The 12-step chocoholics program: Never be more than 12 steps away from chocolate! — Terry Moore
People usually call me crazy when I tell them I do this, but every year, I do it anyway.
Although I’m not Catholic, going to Catholic schools most of my life did instill in me one religious practice: the practice of Lent (and feeling guilty for everything). For the uninitiated, Lent involves giving something up for about 40 days in the spring—an occasion I use as an exercise in willpower.
And this year, like those prior, I have given up “sweets” (i.e., a loosely defined word that captures everything from cinnamon muffins to banana splits).
So, since I have sweets on the brain (because I can’t have them on the tongue), let’s talk about two surprising psychological factors that tempt you (and me) to indulge…
OH MY SWEET, SWEET
According to the US Department of Agriculture (USDA), the average American consumes as much 156 pounds of sugar a year, which equates to about 22 teaspoons of sugar a day.
For comparison, the American Heart Association recommends that we have no more than three to nine teaspoons of sugar daily…
Now, we are evolutionarily disadvantaged to want to consumer sugar (and as much of it as we can), but there are other factors in the eating context that can also push us toward consuming more sweets—one which may or may not surprise you:
Okay, so it turns out that viewing anything romantic—romantic quotes, romantic commercials, a romantic story—can make you more likely to indulge in sweets. For example, researchers had participants read a story about a young couple who were either (a) very romantic with one another, or (b) nice to one another but focused on their own goals and tasks.
Afterward, participants were offered the choice of a bag of mini-Ritz crackers or mini-Oreos. The results showed that those who read the romantic story were about 20% more likely to choose the sweet option.
Importantly, this effect only emerged for those who were in an “abstract mindset” (i.e., those who were thinking about things in broader or more generalized ways). That is, research shows that when people are in abstract mindsets, they are more likely to make connections between seemingly unrelated concepts. In this case, both the taste “sweet” and love–which is often coined as “sweet” (e.g., someone’s honey or sweetheart)–both share some mental overlap.
Therefore, when one concept gets activated (the sweetness of romance) it can trigger associated concepts (sweet foods), which in turn influence our behavior.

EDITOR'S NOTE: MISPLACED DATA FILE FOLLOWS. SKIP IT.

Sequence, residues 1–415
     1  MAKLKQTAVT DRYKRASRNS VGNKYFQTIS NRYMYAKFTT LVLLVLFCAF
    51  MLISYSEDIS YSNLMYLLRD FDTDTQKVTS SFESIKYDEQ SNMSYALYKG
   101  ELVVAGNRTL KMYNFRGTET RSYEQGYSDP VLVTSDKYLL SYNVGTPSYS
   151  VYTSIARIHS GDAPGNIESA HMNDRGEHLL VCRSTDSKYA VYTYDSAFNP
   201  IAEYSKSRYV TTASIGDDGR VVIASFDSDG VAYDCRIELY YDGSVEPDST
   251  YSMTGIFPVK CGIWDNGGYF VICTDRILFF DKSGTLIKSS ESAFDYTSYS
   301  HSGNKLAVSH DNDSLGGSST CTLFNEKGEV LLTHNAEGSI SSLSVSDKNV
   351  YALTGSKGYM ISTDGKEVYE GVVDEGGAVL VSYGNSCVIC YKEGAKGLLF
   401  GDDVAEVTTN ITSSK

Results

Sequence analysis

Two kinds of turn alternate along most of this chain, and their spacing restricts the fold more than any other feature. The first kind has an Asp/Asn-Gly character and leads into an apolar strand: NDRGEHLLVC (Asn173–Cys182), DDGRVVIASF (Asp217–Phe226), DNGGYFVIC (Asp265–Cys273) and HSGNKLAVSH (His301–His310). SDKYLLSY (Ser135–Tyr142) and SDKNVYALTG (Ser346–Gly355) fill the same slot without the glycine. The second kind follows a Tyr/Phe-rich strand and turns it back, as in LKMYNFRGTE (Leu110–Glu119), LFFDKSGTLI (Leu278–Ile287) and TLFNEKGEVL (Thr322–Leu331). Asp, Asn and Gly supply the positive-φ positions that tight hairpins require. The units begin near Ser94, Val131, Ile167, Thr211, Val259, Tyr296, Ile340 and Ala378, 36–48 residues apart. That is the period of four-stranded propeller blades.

Across all of the posts on this site, I try to incite readers’ curiosity for the mind by sharing interesting findings or unexpected results. But one thing I always try to do is satisfy that curiosity with answers and explanations.
But what if I didn’t?
What if left your curiosity—a motivational drive to acquire knowledge—unsatisfied? Well, research suggests you’ll be more likely to indulge in sweets.
In one study, researchers showed participants a bunch of blurred pictures and had them try to guess what each was. For those in the low-curiosity condition, participants learned the right answer immediately after their guess. For those in the high-curiosity condition, they were never told the true identity of the pictures.
Later in the study, participants engaged in an “unrelated” taste testing task, where they were given ten M&M’s and left to eat as many as they’d like. And those from the high-curiosity condition ate on average 7, whereas those in the low-curiosity condition only at around 4 (a statistically significant difference!).
Other research in this line of work actually showed evidence for this curiosity-to-indulgence effect in the brain. That is, with curiosity unsatisfied, researchers saw greater activation in the insula which is associated with rewards, thereby making the appeal of sweets (a reward) more desirable!
So, considering that (a) I am in a very loving and romantic relationship, and (b) my curiosity is constantly being triggered with research, this Lent has been the hardest yet [insert pained emoji].
However, it’s a good thing I wrote this post, or I may have been left thinking that my willpower was just weakening instead.
Willpower Maybe Still Weakening,
Psych•o•philosophy to Ponder: What are some other factors that may influence your likelihood of consuming sweets? And how may they relate to the psychology we discussed today? For example, people tend to overindulge in sweets following a romantic break-up. Can you see any connection between this and what I described earlier? As another example, people often tend to eat more sweets when they’re bored. How may this also relate to the research I discussed today?
Wiggin, K. L., Reimann, M., & Jain, S. P. (2019). Curiosity Tempts Indulgence. Journal of Consumer Research. Volume 45, Issue 6; Pages 1194–1212
Yang, X., Mao, H., Jia, L., & Bublitz, M. G. (2019). A Sweet Romance: Divergent Effects of Romantic Stimuli on the Consumption of Sweets. Journal of Consumer Research. Volume 45, Issue 6; Pages 1213–1229